The third challenge for the Muslim youth, therefore, is to deal effectively with shifting through the different claims on hadith (sayings and approvals of Prophet PBUH), Islamic history and tradition, and the so-called “Golden Age” of Islam which included the intellectual awakening that happened during the Abbasid period of Islam with research in the fields of science, philosophy, astronomy, mathematics, astrology, geography, and medicine. The Muslim youth should derive inspiration from such periods, and understand how they have contributed to our world today instead of glorifying an age without truly understanding it.
Understanding historical personalities is part of the key to truly appreciating and learning from our past. How many of us know Ibn Haytham (who explored the fields of physics, optics, and astronomy), Ibn Khaldun (a sociologist and political philosopher), or Al-Khwarizmi (who delved in maths and astronomy)? How many of us have studied Al Zahrawi (the leading figure in surgery, medicine, and psychology), Al-Biruni (a historian and astronomer), Ibn-Nafees (who studied blood circulation and medicine), or Ibn-Sina (a genius in medicine and philosophy)? Or what about Al Kindi (who explored astronomy, maths, and philosophy), Al-Farabi (a philosopher and practitioner of medicine), Al-Ghazzali (arguably one of the greatest philosophers), and Ibn-Rushd (a philosopher, practitioner of medicine, and the greatest commentator on Aristotle)? This legacy of Islam needs to be cherished, celebrated, and revived in the present times by the Muslim youth themselves.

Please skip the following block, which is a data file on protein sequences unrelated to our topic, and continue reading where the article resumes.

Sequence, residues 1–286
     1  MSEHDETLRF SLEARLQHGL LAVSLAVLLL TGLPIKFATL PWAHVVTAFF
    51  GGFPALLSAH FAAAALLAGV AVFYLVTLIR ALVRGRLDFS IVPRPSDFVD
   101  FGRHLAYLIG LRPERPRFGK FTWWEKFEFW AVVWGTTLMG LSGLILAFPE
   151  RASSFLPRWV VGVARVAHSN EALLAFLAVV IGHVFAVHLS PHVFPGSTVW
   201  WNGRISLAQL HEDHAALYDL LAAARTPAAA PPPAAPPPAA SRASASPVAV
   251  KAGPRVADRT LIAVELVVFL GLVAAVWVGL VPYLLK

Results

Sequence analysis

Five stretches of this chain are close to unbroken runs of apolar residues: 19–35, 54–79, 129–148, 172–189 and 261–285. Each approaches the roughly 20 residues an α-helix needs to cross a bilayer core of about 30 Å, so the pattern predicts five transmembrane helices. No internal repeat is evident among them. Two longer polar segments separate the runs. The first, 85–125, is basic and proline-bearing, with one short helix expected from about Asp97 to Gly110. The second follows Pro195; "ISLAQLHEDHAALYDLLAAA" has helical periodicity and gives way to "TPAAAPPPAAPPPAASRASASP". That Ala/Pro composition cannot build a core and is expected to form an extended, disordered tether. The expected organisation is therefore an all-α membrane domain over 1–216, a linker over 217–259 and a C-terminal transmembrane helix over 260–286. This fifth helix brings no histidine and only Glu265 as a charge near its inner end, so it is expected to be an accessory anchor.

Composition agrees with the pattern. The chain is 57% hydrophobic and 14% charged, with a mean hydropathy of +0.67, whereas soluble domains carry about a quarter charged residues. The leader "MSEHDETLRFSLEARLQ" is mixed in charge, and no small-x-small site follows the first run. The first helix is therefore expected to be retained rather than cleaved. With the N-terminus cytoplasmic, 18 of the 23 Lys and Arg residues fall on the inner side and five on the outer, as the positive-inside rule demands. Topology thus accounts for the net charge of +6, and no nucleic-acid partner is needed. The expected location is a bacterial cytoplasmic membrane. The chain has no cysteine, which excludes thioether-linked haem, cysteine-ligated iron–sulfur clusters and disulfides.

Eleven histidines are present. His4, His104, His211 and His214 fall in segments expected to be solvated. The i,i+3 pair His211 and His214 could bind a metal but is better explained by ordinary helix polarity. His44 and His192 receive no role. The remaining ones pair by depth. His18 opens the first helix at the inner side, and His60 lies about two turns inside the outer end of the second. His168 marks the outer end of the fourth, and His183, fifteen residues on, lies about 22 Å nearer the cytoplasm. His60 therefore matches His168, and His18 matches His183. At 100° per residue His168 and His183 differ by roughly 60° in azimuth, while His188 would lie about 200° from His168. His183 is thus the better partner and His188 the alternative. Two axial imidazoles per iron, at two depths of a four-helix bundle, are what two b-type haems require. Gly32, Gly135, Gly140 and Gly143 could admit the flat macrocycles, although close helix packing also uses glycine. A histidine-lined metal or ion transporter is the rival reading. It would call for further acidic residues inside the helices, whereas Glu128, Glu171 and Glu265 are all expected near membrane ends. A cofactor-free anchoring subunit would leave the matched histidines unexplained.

The final challenge facing the Muslim youth is how to embody the true spirit of Islam in themselves while remembering that their pursuits of excellence are directly under the supervision of the Almighty Allah. The more meaningful lives you live, the stronger and more empowered you will find yourself by the grace of Allah. Disciplining our souls and balancing our habits while refraining from different kinds of superfluous distractions will give us more strength to combat all sort of challenges and embark on a life of purpose. For the Prophet Muhammad (pbuh) said:
The greatest jihad is to battle your own soul to fight the evil within yourself.”
It’s important to understand the inter-relatedness of all these issues. Dealing with challenges needs strength and strong will, and the strength and strong will comes out of discipline (which include disciplining desires, thoughts, emotions, and actions), and the steadfastness in discipline comes from avoiding the sorts of distractions we are presently entrapped in like social media, hyper-glamorized environments, useless games, and movies. Remember that what you most expose yourself to will grow inside of you and changes you within. It may even later control you as well. So instead focus on your growth and development, and do not harm your intellect, thoughts, studies, and careers.
Our holy Prophet (pbuh) said:
The beauty of a Believer’s Faith (imaan) is; he refrains from all such things which are of no concern to him.”
When you cultivate discipline in your daily lives, you will begin to improve your habits in the right direction, a direction of maximum productivity and fulfillment that will surely lead to the life of purposefulness.
May Allah bless you in this great task and may you set gold standards for the incoming generations of our ummah.